Image via iStock.
I’d like to think I’m a pretty compassionate person. I’m regularly shocked into action by sad stories on the news, try to help those who are less fortunate than me whenever I can, and will always be there with wine, chocolates and a stack of cheesy films for a friend in need.
But we all know at least one person who seems totally unaffected by anyone’s problems outside their own.
According to science however, it’s not entirely their fault – it’s down to their brain chemistry. The good news? There could soon be a pill to fix it.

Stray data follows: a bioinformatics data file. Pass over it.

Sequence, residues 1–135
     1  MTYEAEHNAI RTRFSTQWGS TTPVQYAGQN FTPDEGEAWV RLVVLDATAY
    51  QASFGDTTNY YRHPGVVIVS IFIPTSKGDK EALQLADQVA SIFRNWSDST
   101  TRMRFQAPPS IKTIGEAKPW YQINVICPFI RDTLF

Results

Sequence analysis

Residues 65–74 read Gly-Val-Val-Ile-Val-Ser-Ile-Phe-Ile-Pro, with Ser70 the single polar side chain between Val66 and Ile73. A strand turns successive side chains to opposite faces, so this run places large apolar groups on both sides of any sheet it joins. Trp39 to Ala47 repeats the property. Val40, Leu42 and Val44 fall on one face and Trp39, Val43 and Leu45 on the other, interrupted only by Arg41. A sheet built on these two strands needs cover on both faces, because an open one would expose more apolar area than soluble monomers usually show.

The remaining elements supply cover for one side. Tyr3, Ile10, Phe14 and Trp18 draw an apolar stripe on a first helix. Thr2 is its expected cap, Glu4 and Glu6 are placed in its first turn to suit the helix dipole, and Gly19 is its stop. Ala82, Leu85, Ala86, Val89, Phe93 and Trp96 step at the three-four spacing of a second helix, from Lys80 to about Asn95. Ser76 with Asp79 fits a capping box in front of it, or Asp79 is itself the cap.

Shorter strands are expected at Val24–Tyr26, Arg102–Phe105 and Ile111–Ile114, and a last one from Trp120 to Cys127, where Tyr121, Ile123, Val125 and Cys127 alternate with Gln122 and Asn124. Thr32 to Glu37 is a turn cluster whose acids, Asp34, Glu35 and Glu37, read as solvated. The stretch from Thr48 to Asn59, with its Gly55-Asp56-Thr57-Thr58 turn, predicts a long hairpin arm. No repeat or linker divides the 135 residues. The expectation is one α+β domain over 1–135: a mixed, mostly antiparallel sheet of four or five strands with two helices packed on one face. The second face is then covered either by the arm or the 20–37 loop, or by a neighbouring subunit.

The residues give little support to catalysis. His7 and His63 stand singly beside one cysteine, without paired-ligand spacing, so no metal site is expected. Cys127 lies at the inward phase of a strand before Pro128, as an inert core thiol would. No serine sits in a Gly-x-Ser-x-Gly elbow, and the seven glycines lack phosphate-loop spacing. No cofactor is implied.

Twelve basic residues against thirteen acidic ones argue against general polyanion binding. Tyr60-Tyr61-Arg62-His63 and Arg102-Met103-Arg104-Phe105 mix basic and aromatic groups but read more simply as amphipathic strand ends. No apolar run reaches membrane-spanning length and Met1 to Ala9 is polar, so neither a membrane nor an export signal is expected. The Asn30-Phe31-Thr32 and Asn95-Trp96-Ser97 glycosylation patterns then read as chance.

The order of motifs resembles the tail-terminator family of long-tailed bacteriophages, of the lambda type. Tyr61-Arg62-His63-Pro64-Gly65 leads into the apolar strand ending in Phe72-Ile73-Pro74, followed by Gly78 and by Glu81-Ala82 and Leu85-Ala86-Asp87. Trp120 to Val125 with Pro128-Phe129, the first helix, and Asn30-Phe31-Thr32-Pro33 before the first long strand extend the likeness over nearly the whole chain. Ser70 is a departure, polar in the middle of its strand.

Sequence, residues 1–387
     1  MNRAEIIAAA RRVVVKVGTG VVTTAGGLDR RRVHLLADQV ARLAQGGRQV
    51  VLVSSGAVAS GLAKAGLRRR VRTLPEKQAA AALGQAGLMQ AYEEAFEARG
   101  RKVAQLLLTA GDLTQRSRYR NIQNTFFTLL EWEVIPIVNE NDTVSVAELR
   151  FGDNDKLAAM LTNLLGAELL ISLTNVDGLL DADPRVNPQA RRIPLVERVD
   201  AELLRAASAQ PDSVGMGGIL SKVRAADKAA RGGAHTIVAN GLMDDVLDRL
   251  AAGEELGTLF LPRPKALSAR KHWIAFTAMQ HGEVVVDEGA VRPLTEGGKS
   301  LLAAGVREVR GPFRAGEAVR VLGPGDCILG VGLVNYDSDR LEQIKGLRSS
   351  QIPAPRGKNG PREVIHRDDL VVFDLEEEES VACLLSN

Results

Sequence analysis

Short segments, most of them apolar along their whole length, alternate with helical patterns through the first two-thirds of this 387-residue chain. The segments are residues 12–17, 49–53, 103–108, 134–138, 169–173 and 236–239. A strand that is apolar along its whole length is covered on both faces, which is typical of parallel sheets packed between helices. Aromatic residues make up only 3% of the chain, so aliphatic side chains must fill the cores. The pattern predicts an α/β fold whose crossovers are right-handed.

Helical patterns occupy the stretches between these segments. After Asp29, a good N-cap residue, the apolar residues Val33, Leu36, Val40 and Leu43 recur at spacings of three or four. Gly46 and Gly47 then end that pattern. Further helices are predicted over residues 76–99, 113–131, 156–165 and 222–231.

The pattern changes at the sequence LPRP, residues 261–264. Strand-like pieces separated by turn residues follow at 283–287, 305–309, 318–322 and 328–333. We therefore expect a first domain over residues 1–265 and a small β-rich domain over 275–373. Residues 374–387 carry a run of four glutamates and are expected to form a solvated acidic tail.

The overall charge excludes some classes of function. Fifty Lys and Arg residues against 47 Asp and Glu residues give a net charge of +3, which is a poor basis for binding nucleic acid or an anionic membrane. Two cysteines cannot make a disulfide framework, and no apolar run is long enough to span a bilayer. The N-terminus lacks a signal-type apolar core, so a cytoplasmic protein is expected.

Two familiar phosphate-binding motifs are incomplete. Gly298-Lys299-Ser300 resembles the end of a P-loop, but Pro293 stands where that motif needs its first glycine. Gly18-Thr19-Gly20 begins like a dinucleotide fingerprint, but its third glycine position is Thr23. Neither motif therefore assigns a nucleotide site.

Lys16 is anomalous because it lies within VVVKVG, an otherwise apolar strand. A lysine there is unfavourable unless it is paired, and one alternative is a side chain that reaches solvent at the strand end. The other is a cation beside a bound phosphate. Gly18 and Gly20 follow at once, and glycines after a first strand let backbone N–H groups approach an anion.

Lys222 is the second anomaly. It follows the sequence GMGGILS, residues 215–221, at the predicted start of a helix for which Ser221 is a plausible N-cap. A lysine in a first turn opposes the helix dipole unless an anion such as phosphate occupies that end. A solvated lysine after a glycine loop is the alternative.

At least that’s what a new study published in the journal Current Biology suggests.
Researchers at the University of California, Berkeley, and University of California, San Francisco, examined 35 participants to try and figure out if it was possible to manipulate a brain chemical to make people more compassionate.
Each participant visited the lab twice and was randomly given either a pill that prolongs the effects of dopamine (which is involved in reward and satisfaction responses in the brain), or a placebo.
They were then asked to divide money between themselves and a stranger.